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06 October 2011

Dropping the Ball--and Courses, Too

I've got a serious beef here at Georgia College with one of our academic policies. Students are allowed to drop classes a full week after the midterm point. In practice, students use this as a fail-safe; if they are not doing well in a course, they simply drop it. I'm not sure why the policy is as such. It seems obvious that it is perverse. We are essentially encouraging irresponsibility and grade inflation. In the professional world, our graduates don't get a do-over button. If a project is off to a bad start, they'll need to summon the skills to salvage it, but they won't learn that valuable skill here. Instead, they're learning expediency.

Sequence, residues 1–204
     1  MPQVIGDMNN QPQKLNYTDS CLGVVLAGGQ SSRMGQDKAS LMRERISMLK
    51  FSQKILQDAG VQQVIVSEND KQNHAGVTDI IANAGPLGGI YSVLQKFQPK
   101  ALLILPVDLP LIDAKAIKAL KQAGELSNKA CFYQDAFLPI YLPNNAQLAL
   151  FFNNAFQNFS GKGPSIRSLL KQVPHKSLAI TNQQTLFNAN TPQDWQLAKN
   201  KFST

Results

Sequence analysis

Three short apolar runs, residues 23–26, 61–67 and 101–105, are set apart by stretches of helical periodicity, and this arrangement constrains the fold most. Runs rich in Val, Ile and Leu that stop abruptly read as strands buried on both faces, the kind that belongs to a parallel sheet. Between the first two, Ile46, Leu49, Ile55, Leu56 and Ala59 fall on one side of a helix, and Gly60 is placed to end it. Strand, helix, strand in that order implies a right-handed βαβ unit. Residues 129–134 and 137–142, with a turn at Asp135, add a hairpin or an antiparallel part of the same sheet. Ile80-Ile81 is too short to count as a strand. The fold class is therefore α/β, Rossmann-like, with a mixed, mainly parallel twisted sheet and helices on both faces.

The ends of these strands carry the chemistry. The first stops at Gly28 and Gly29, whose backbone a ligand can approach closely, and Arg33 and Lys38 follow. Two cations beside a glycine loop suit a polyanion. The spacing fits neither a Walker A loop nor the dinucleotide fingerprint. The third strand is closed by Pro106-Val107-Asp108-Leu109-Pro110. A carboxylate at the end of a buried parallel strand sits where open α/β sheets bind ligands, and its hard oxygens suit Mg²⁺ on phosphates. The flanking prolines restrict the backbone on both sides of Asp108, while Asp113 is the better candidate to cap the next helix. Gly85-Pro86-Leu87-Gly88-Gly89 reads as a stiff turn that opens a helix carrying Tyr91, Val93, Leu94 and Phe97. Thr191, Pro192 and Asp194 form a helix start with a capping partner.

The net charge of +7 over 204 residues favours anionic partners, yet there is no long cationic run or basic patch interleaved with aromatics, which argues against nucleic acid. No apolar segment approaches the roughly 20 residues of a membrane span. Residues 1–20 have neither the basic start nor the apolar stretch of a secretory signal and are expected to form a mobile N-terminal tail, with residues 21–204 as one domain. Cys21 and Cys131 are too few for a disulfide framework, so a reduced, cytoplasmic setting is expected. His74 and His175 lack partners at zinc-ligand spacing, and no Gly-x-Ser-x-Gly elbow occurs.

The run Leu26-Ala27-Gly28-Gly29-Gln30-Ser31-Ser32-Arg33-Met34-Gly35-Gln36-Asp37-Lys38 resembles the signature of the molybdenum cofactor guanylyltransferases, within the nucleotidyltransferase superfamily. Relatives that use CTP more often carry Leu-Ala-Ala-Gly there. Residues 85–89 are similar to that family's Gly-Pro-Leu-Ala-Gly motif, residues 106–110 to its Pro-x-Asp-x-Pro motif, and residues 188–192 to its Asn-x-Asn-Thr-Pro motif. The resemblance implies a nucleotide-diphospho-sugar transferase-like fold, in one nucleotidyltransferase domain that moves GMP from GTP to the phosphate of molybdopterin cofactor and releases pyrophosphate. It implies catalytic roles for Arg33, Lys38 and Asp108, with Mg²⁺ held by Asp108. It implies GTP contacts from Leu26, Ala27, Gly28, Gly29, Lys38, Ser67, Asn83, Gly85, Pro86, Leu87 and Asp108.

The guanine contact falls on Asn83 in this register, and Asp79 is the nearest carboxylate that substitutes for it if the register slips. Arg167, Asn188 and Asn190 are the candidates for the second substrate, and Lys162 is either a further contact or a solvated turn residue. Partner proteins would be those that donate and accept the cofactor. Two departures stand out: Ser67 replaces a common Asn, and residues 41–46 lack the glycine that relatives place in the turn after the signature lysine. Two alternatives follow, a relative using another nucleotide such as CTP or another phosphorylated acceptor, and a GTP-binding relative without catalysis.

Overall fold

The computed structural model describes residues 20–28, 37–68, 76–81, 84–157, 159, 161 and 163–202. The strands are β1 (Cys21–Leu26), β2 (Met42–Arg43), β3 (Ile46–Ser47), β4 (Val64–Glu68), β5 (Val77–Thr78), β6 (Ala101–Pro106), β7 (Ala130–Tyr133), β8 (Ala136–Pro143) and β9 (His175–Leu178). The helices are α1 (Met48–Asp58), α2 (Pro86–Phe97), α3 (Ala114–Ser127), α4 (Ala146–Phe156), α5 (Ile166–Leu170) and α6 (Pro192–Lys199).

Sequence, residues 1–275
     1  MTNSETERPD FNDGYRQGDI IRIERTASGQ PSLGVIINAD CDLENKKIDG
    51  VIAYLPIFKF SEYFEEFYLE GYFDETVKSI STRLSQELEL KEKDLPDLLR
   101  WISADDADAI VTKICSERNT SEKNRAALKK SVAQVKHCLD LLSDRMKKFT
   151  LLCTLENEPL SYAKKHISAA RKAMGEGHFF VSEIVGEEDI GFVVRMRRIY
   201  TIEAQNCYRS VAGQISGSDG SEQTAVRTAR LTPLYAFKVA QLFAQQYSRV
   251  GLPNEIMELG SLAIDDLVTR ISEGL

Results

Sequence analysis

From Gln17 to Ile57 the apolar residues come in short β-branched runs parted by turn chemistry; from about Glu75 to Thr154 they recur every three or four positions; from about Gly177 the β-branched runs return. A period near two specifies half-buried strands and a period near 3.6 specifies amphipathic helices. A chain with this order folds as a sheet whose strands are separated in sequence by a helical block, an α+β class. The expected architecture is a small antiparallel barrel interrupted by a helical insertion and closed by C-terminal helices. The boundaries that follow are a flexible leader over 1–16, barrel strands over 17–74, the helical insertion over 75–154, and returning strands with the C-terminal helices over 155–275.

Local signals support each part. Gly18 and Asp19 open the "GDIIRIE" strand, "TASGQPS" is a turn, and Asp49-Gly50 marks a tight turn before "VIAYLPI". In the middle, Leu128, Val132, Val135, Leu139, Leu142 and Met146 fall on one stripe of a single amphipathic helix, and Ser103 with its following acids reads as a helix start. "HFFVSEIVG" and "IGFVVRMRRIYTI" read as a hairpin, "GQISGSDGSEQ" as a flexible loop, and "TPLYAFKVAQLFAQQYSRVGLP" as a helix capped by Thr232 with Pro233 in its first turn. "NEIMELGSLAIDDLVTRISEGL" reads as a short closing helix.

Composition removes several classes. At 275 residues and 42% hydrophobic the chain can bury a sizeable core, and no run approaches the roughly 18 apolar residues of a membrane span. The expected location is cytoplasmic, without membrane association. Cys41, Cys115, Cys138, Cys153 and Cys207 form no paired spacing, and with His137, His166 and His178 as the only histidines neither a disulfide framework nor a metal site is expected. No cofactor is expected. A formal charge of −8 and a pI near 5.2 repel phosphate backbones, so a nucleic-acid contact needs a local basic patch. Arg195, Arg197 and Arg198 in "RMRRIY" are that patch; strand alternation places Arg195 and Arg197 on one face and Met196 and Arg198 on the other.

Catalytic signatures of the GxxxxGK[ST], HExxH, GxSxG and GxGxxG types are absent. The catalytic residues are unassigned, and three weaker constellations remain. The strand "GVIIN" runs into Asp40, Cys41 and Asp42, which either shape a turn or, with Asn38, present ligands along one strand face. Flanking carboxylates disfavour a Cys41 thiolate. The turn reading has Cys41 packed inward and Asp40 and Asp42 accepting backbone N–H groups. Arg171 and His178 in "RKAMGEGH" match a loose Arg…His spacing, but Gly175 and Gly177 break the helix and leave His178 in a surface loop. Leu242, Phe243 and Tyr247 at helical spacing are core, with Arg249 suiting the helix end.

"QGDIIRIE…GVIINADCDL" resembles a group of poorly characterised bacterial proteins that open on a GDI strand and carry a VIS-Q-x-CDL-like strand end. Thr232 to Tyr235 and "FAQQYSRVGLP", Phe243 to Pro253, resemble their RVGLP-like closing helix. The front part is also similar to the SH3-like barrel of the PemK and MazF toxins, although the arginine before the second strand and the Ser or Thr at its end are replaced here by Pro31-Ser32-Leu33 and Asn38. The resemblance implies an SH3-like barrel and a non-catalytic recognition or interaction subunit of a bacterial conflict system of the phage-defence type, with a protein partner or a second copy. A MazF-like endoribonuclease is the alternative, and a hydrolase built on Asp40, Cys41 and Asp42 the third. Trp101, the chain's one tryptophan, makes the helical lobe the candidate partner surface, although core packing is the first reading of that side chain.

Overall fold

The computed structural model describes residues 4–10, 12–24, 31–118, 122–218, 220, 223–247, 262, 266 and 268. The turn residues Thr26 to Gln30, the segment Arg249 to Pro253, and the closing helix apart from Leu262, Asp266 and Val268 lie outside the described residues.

UPDATE: I just learned a new term for this practice: punting.

1 comment:

  1. That's nothing! Our students can withdraw up to November 4 (three weeks after mid terms) and, with an instructor's discretion, can withdraw as late as November 18. I think this increases grade inflation particularly in new classes where the instructor needs to maintain enrollment in order to justify teaching the class again. A colleague saw his enrollment go from 15 to 9 after the first assignment was graded.